Let’s peep into our Bialystok office! In this interview, Tomasz Juszczuk, Bialystok site manager, tells us more about the IT market in Bialystok, the history of our office there and the day-to-day work of our developers.
If you’re interested in joining our Bialystok team, take a look at our current job offerings. We’re looking forward to hearing from you!
How did you join Spyrosoft? What is your professional story?
I came to Spyrosoft through a recommendation from my and Konrad’s [Weiske] mutual friend. I learned about Spyrosoft at the initial stages of the company’s activity. At the time, Konrad was looking for a place to set up another office and needed someone to help him create and develop it.
I had a meeting with Konrad, and he told me about his vision of how he’d like Spyrosoft to look. I told him what Bialystok could offer in terms of IT specialists’ profiles. I think we convinced each other, and that’s how my adventure with Spyrosoft began.
Regarding my professional history – I completed my studies in management at Bialystok University of Technology. I also studied at the University of Southern Denmark, where I graduated in manufacturing engineering and management. Later, I went to Warsaw, where my adventure with the IT industry began. I joined Samsung as a Project Leader. There I made my first steps in IT and got to know the entire software development process. I worked on mobile projects that Samsung released to the European market. I also had the pleasure of going to HQ in South Korea, where I led really cool projects. We customised software for major players in the European market, such as Orange, T-Mobile, Vodafone, etc.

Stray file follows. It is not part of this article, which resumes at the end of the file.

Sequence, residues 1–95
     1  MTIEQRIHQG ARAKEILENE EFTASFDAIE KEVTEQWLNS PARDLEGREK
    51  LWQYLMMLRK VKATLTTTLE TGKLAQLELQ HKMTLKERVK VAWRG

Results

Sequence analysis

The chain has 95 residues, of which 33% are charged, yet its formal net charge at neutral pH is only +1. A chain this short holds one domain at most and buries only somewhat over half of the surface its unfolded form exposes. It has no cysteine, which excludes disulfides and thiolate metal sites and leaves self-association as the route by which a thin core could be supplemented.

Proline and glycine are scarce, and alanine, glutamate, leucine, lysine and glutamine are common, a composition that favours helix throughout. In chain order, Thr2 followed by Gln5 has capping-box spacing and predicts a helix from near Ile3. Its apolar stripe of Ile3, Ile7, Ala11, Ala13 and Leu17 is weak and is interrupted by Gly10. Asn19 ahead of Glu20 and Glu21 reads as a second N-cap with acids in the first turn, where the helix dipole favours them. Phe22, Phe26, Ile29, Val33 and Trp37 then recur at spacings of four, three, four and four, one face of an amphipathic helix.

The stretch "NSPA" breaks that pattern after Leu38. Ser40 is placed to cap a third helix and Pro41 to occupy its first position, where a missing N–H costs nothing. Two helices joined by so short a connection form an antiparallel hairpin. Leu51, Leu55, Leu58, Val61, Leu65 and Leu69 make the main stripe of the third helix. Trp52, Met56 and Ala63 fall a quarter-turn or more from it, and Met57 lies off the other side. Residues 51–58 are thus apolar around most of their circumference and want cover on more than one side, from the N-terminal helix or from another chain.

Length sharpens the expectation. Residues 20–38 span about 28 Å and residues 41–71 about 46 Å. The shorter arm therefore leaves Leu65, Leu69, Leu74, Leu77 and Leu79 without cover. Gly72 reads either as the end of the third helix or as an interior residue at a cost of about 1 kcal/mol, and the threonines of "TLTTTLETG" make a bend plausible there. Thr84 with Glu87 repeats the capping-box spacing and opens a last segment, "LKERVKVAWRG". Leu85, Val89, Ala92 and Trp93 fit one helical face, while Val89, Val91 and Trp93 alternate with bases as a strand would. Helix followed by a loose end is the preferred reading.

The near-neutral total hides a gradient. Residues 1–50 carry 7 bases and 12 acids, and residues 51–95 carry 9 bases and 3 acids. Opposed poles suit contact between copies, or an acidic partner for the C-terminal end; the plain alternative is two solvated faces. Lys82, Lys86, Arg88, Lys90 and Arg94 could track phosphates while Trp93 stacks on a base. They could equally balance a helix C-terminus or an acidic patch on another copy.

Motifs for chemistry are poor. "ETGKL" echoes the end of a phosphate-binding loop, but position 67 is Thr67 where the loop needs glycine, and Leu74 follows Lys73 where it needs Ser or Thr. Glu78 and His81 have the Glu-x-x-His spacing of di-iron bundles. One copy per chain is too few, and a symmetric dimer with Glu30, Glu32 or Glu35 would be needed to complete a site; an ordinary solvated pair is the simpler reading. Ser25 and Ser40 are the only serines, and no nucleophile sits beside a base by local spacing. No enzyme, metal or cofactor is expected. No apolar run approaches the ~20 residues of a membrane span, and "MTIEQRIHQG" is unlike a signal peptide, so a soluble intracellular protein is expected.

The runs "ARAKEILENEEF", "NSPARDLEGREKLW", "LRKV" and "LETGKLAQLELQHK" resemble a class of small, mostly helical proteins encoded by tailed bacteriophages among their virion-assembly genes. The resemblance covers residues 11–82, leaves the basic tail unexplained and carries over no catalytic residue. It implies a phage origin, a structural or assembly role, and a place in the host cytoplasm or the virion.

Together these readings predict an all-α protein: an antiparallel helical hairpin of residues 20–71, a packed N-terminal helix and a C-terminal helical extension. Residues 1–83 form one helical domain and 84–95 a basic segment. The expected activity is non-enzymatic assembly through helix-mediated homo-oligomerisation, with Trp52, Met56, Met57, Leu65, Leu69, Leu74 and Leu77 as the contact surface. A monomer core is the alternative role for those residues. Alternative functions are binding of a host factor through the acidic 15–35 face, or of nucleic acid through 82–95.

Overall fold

After Samsung, I focused a bit more on project management. I was a PM at one company in Warsaw, but after 3 years, I returned to Bialystok. In the meantime, I graduated from the Warsaw School of Economics, where I studied project management. In Bialystok, I was employed at a software house, where I worked for almost 3 years. It was right after this adventure that I had a meeting with Konrad, and I was employed at Spyrosoft, where I work to this day, that is, for 5 years.